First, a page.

That night, when they were alone in their bed, Jacob asked Rachel to cover her face with the veil. She did, and he removed it again, revealing her face. He asked her to do it again, and she did. And he revealed her face again. He moved the veil over hear breasts and then revealed them. He revealed her shoulders and her belly. He revealed her ankles, and her knees, her thighs, and how beautiful, he thought, moving up, that there was already a veil of hair. He revealed her mouth before veiling it again, this time with his own mouth.
They conducted their life together by the principle of the lifted veil, struggling always to reveal each other. Apropos of nothing, Jacob would walk out the front door, and then call to Rachel from the yard, «I love you and I’m coming home!» In the middle of a conversation, Rachel would exclaim, «Oh, it’s you! I’m so glad it’s you!»
And when, years later, Jacob lost his memory, Rachel did, too. They spent all day on the sofa together, flipping through the photo albums of their lives. They couldn’t remember their friends, or their family, or the violet dress Rachel used to love to dance in, or the tree-lined path to the sea, but those people and belongings and places continued to overwhelm them with happiness, as a dead sun would continue to heat the earth for eight miraculous minutes.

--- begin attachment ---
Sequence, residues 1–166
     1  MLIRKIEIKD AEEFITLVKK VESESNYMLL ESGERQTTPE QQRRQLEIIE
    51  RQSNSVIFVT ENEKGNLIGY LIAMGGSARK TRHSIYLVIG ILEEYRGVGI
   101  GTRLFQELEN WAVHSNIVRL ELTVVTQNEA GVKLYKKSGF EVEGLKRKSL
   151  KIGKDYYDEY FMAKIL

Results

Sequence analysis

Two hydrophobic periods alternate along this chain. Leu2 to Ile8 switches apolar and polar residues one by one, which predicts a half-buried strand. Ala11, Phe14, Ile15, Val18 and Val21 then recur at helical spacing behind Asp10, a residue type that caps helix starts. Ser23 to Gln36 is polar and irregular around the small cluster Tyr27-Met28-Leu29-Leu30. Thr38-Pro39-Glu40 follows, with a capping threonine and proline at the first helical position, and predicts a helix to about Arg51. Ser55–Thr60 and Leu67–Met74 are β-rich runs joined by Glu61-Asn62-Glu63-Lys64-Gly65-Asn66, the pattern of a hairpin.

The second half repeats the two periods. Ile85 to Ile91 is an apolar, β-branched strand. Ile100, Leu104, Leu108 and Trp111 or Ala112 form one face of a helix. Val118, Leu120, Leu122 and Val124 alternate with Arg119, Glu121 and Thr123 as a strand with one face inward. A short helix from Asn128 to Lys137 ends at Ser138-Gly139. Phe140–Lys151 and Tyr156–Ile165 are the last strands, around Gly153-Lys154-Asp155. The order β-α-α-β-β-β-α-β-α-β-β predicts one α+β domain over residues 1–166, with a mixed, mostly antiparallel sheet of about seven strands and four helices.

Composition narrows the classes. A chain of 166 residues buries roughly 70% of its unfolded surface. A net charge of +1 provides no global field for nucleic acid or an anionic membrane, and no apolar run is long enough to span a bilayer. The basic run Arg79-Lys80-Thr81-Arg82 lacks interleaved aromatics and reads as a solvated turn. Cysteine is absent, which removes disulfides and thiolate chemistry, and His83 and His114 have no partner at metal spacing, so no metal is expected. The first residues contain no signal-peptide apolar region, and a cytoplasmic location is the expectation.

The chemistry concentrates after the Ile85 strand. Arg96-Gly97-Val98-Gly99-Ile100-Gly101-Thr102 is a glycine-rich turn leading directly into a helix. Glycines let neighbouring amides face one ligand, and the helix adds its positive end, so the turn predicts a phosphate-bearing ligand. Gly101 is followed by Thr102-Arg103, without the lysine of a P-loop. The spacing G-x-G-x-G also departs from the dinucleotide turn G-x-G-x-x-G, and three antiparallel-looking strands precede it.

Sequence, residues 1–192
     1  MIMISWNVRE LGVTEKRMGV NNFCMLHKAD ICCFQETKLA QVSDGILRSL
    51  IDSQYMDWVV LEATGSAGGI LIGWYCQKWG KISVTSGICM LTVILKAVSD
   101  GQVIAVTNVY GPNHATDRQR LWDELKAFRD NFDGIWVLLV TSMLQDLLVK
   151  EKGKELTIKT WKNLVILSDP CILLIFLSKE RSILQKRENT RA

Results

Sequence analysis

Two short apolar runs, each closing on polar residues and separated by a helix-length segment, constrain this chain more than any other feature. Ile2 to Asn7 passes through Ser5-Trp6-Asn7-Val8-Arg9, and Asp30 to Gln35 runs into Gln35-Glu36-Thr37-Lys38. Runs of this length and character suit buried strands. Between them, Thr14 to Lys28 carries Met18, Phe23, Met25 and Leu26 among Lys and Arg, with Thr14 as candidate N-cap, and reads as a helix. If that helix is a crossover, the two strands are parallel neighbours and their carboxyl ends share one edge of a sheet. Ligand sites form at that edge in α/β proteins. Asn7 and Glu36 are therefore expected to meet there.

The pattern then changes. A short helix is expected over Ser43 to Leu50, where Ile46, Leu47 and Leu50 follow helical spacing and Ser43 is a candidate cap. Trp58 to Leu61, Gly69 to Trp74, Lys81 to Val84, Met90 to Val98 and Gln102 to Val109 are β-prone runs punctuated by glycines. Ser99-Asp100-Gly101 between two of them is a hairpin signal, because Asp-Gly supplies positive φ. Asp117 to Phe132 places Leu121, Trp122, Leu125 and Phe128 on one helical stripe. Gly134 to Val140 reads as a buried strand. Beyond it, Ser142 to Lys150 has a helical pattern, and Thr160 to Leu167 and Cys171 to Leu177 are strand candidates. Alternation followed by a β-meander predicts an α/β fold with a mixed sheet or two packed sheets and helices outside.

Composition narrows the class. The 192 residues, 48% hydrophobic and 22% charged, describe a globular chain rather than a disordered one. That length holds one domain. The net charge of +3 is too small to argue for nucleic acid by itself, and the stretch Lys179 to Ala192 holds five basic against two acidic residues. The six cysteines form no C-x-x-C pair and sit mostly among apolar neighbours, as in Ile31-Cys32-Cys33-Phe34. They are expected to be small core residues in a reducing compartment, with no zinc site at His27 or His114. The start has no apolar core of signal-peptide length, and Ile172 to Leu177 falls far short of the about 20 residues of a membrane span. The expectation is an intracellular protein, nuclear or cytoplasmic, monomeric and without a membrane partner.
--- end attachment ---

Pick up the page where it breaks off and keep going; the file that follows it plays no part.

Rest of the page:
Jacob had bought a vase for Rachel. Or she had bought it for him. They couldn’t remember. It didn’t matter. It was there. And while they kept meaning to fill it with flowers, it always stood empty. «What an absolutely beautiful vase», they would say to each other, delighting in it newly, endlessly. They spent their days noticing things about it that they had noticed only a moment before, touching it hesitantly, tenderly, as if for the first time. «It really is amazing», they would say, always meaning it more. «What did we ever do to deserve such a beautiful thing?»

«Let my people go», Moses told Pharaoh again, after having inflicted upon his people yet another horrible plague. «I will not let your people go», Pharaoh responded, on behalf of his people. This time, God delivered the plague of blindness upon the Egyptians. They walked through the streets - mothers of children, their children, grandfathers - their arms in front of them, crying, «Darkness! Darkness!» And so the plague became known as darkness.
Each Passover, when we retell the story of the plagues, we dip our fingers in the wine, and then tap our plates, transferring a portion of the sweetness in memory of all of those throughout history against whom we have inflicted great suffering in exchange for our safety. «We are safe! We are safe!» we tell ourselves, and each other. And so the plague has become known as our safety.

What you are looking into is the mirror that Jesus looked into the morning of his crucifixion. If it were a wall before you, the wall that Jesus looked at before he was led to his death, you would think little of it. If it were a thorn from his crown, or the nails that held him there, by his palms, or his image on a shroud, or even the remains of Jesus, himself, it would not affect you as looking into this mirror now does.
What is it, then, that you think you see?

© Jonathan Safran-Foer, 2005
.Chiudi .Stampa .Segnala